Michael Opperman, Donora Hillard, Suzanne Roberts,

Home | The Last Issue | Submissions | Achieve: 2004-2009 | Essays

Michael Opperman lives and work in Minneapolis. His work has appeared in the Coe Review, New Hampshire Review, Maverick Magazine, Dislocate, and MARGIE Review. He was a finalist for the Marjorie J. Wilson Prize for Best Poem Contest and winner of the Academy of America Poets James Wright Prize for Poetry.
December, Sunday, Christmas Lights, Coffee

In the drum pull from sleep,
the slip of your body's air from the bed,
my eyes find first the blue blur
of a string of lights that drape the windows.

The wind
is tempting the walls, the paper on the front steps.
Your smile is immaculate.  And your eyes have
a stillness that is startling.

My attention is immature, a halting pushing thing
memorizing the length of your thumbnail. 
The way your red hair turns around
on itself in the clip holding
it to your head.

So what gets us here?  The fear of disclosure,
the slow whine of a mind shaken by memory.
Yesterday and a mile ago and a movie I once saw.

None of it adds up to a bushel or a foot-pound.

A wooden box of papers, explanations, half-maps
to a dairy farm and a rusting truck frame.  It looks
like no one has lived here for years. And we back
out the driveway, shift into first and take the hill.

The easiest thing is to forget the listening presence.
To leave this piece or that piece alone, quiet
under the fingers –

never asking what is it
that is moving your eyes? 

Christmas Night Thinking About A Summer Rain

We know it as an absence.  The translucent vacancy
where a sparrow's wings held the sky
like concrete.  The everyday – that second world –
is heavy on our chests, suggesting
what might be – but really isn't –
Step out onto the enclosed porch
during a dead-on summer downpour
    and you think that you know something
    that you will never forget.

The sky is the color of birth. 

But you forget.  With a terrible aggression
    like a kind of tenderness.  The ache
icing your ribs is washed away before the afternoon
is no longer afternoon. 
What was exchanged for a first knowledge is transfigured.
A part of your skull
again.  A part of each hand.
A piece of leg and stomach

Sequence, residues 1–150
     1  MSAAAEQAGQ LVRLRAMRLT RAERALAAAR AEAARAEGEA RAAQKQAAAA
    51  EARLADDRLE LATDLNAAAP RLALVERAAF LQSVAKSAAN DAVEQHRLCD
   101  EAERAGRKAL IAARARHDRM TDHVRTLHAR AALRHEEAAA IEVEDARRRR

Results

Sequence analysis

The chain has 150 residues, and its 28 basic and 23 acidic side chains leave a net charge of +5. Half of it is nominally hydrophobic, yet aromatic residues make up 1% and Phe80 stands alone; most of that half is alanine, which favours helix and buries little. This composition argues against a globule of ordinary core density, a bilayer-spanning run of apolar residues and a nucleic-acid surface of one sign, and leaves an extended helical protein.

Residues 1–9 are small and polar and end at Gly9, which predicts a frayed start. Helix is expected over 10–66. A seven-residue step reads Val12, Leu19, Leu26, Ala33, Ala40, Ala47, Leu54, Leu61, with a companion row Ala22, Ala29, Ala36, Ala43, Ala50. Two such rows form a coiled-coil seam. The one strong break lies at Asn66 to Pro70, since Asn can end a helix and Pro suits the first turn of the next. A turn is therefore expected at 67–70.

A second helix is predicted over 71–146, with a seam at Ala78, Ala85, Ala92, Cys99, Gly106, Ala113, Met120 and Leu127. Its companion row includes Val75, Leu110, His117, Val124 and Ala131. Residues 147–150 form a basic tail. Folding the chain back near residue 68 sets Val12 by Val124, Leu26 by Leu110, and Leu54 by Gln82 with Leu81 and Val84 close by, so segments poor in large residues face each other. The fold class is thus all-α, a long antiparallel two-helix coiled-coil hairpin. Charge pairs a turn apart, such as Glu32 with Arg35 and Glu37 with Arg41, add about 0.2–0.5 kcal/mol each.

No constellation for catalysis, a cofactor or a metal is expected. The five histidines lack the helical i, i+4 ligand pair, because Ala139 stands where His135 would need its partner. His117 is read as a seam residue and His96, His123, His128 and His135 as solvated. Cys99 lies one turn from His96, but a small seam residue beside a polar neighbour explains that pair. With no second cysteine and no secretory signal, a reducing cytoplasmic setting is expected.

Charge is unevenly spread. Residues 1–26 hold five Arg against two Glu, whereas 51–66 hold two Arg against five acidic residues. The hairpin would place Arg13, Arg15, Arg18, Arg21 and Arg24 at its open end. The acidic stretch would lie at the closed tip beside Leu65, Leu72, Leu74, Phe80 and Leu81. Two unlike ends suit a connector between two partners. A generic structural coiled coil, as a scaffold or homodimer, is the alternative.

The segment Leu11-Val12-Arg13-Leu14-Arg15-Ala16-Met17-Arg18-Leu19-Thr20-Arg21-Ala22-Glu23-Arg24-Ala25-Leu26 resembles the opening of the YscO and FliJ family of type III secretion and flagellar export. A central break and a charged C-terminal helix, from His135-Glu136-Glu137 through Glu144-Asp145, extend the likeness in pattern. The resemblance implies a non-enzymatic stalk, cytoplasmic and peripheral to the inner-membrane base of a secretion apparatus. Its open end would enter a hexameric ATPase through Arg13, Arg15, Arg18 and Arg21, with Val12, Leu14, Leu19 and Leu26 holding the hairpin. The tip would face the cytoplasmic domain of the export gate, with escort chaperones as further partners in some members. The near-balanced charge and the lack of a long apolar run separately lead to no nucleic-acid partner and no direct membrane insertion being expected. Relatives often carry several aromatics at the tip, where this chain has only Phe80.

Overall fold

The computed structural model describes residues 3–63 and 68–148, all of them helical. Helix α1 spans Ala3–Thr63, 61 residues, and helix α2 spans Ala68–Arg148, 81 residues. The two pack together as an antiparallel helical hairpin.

and spleen and spine.  Coded into your arteries as memory.

Remember, you think.  Remember.  This is important. 
You only retain the words, the map back
but not the town – an elusive hamlet where all roads do not lead.

No Rome.  No great American city killing its poor.  No clover-leafed
four lane highway singing with buzzing rubber.  Driving up to a stoplight
defibrillating above an intersection, you remember only the ache.

Not its cause. 
Donora Hillard is the author of Exhibition (Gold Wake Press, 2008), Romance (Maverick Duck Press, 2008), Bone Cages (BlazeVox [books], 2007), and Parapherna (dancing girl press, 2006).  Her fiction, lyric memoir, and poetry have appeared or are forthcoming in Night Train, Pebble Lake Review, Segue, and many other publications.  She has taught writing at Harrisburg Area Community College, King's College, and Penn State University, and she presently teaches English, journalism, and speech courses near Gettysburg, Pennsylvania. She recently completed a poetry collection entitled Theology of the Body, a feminist response to the teachings of Pope John Paul II, St. Paul, and other religious figures.


So, many ask, will there be sex in heaven?
~~ Christopher West, Theology of the Body for Beginners

Praise you lest I never rest beside you in your city, seizing
as ice falls against us.

It will leave us cold to the bone, a reminder of our fracture,
and if I can't find words,

know I tried, the event paralyzed, my tears both running and
freezing at the source.
Suzanne Roberts is the author of three poetry collections, Shameless (Cherry Grove, 2007), Nothing to You (Pecan Grove Press, 2008), and Plotting Temporality (forthcoming from Red Hen). She was recently named "The Next Great Travel Writer" by National Geographic's Traveler Magazine. She holds a doctorate in Literature and the Environment from the University of Nevada-Reno and currently teaches English at Lake Tahoe Community College.


Walking Christmas Morning

Santa Margarita, California


Crows caw, circle the cold blue sky.

A woman yells to her son,

Read the instructions. I’m busy,

sits on the porch with a coffee

cup and cigarette, looks out

at nothing. We walk by, and I wave

without thinking. She smiles and calls,

Merry Christmas. Organ music resounds

from the nearby church. Silent night.

A van is parked on the dirt drive.

Three stickers decorate its bumper—

In-N-Out Burger, a metallic American Flag,

a third reads, You Can’t Be Pro-abortion

and Catholic. A red neon sign reflects

in the tinted windows—suseJ sevaS

An Australian Shepherd forces

her face through wooden slats

of a fence. A man holds a Coors can,

contemplates the broken hinge.

A calico crosses the dead lawn,

ignores the squirrels chattering

across the wire. Our old dog limps,

no longer pulls at her leash. You

no longer reach for my hand.


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